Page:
Family is a cultural, legal, sociological and individually defined concept. It is fundamental social group typically include what is referred to as a nuclear family – father, mother and one or more children. Other definition of a family includes all the members of a household living under one roof. Families can also be defined by the ways person behave toward one another or how relationship function in the lives of people.

Saturday, May 26, 2012

Motherhood in Early Nineteenth Century

Motherhood in Early Nineteenth Century
In the early nineteenth century, physicians in the US were not the significant factors in heath care that they are today, they were virtually absent from child care.

Most medical care was the in fact given in the home, it was the mother – not a doctor – who was the principal care giver.

As one of the historian notes: “The home was important in marinating health was well as in treating disease.

In generations unaware of the germ theory and of the nature and accusation of disease generally, the maintenance of health was seen in aggregate – nonspecific – terms.

Every aspect of life demanded scrutiny and control. Diet, exercise, air quality and sleep all could, over time, bring about sickness or preserve health.”

In seeing of her family’s good health, a mother used what she had at hand. Sometimes it was a home medical book written by a physician.

There were many available in this country, often reprints of books published in England, though few of these manuals focused on child care.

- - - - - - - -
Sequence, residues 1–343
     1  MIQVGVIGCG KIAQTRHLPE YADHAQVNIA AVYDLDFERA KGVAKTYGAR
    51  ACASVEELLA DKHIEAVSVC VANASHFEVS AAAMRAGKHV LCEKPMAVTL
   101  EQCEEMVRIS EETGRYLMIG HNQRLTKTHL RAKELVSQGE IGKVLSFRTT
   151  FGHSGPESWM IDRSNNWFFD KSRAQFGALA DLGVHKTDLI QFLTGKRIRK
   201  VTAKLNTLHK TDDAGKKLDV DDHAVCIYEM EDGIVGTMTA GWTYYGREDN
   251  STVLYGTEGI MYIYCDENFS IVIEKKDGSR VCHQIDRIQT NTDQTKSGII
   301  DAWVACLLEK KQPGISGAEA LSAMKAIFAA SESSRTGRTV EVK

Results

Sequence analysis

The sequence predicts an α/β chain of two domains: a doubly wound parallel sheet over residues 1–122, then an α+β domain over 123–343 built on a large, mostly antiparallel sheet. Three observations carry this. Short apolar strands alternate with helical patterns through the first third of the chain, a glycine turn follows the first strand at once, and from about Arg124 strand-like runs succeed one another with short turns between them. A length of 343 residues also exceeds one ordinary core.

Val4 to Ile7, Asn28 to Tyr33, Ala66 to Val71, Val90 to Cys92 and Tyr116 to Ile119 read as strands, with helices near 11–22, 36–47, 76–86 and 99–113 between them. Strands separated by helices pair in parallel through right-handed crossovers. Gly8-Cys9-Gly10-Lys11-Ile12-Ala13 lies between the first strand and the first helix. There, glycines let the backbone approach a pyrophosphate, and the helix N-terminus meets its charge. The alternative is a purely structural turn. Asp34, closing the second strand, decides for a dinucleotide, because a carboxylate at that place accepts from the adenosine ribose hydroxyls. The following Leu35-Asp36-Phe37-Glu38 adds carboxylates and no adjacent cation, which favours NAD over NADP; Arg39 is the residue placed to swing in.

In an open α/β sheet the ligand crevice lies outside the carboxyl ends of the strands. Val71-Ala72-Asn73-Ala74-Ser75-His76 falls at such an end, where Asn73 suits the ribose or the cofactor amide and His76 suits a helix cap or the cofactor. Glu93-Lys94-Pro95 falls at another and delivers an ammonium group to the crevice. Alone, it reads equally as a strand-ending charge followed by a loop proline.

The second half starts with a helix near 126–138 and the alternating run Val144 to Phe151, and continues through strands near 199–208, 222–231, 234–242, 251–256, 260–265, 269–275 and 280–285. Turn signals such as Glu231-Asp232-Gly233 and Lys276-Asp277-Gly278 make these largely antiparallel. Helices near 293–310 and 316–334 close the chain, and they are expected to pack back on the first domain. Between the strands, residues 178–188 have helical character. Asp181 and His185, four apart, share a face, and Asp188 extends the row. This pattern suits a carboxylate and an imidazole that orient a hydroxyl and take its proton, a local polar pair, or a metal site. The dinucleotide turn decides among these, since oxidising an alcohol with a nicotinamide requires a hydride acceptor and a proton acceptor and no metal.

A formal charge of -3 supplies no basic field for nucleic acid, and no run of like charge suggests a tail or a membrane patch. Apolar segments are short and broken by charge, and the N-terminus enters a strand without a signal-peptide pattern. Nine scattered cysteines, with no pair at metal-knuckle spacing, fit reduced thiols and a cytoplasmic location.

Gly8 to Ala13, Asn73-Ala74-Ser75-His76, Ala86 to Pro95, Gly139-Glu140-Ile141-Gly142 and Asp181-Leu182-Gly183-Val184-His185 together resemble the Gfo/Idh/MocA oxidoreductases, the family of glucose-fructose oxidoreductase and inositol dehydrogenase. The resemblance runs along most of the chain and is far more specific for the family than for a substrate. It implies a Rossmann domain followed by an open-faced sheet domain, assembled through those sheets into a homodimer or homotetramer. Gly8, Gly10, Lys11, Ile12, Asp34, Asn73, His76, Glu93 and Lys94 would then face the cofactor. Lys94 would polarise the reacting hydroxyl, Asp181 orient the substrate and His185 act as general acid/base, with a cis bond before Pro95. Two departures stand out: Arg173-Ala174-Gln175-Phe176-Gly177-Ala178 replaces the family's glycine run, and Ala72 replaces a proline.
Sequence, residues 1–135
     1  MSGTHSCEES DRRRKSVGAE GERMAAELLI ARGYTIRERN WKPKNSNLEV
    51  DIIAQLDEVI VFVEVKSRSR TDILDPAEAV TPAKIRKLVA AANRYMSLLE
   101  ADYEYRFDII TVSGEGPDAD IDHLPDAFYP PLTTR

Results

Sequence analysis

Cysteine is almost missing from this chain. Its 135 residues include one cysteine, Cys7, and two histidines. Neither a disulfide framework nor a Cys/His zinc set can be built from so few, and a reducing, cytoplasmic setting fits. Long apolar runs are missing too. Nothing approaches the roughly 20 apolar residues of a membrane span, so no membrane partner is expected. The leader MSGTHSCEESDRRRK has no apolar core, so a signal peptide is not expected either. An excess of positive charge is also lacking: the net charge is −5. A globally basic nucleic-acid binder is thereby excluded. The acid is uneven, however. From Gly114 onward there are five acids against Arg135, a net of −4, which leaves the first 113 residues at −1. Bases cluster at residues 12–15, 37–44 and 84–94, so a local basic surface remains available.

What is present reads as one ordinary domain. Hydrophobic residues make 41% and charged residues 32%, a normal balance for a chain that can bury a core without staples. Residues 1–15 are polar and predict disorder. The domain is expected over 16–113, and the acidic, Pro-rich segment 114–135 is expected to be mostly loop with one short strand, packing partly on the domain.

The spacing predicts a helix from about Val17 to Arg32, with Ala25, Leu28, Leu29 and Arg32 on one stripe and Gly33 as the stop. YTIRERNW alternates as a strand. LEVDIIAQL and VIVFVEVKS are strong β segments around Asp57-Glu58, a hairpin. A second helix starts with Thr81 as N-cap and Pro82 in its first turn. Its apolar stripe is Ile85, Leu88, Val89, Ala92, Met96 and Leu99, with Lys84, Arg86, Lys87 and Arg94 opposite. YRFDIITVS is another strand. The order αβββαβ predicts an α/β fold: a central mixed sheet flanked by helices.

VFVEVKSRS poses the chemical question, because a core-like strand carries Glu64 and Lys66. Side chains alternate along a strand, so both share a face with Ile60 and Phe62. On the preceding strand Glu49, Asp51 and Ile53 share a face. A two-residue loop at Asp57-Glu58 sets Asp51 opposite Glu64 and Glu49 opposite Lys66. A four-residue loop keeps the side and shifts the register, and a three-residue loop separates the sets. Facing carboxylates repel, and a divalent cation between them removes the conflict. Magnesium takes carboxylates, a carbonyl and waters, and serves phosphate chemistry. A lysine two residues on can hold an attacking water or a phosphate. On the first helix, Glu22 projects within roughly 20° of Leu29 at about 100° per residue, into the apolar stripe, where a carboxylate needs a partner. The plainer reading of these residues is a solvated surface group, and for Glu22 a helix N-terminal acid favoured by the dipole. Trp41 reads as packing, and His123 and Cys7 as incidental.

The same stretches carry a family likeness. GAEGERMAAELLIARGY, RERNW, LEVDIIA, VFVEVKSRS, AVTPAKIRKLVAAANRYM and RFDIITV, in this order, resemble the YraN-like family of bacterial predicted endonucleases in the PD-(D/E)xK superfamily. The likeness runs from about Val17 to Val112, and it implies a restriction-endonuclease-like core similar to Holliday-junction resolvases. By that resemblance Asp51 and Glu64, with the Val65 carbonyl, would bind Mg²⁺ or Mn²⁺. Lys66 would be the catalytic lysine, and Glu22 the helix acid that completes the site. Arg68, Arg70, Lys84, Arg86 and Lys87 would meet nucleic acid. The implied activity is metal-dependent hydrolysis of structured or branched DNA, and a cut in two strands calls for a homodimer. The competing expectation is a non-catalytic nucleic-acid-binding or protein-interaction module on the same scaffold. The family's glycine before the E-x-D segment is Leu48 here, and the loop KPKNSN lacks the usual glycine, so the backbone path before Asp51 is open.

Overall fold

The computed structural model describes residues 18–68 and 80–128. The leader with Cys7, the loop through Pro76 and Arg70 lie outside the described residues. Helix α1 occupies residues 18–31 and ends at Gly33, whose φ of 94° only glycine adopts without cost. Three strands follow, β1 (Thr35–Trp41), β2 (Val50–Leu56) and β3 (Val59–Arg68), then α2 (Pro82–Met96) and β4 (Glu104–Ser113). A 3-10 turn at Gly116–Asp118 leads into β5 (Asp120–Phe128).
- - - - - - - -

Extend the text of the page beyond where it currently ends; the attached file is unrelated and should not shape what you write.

Perhaps she had some herbal remedies recommended by her mother or a neighbor. If she lived in an urban area, she could buy drugs suggested an prepared by a pharmacist.

Most conditions were handled at home, as doctors were called only for the very ill.

Among the significant factors affecting women’s maternal roles were demographic shifts in the US population that fostered a different view of motherhood and changed mothering practices.

Just look, for instance, at family size. In 1800, the average number of children born to a white woman surviving to menopause was 7.04. By the turn of the twentieth century this number had dropped to 3.56. By the end of the twentieth century the averages number of children per family was 1.86.

This declined resulted from several interrelated and interacting forces. The United States moved from a primarily agricultural, rural country, at one based on an urban, industrial and service based economy and consequently, children became more expensive.

In the earlier period, children were to the family. In the later period, it was expensive to maintain children in an urban environment, where mandatory education and cultural values them out of the workforce; in economic terms, they cost the family.

The fertility decline also followed from increased availability of effective birth control and from growing numbers of women attaining education and entering the job market.

In the same years, more women remained single and other women married later in life, which meant that individual women spent less time in childrearing.

In addition, with smaller family, girls, and women had less experience with younger siblings before they started their own families.

With different family structures and other changes in the United States over time, many women found themselves raising families in situations quite unlike their mothers’ eras, making the expertise of grandmothers less applicable.
Motherhood in Early Nineteenth Century
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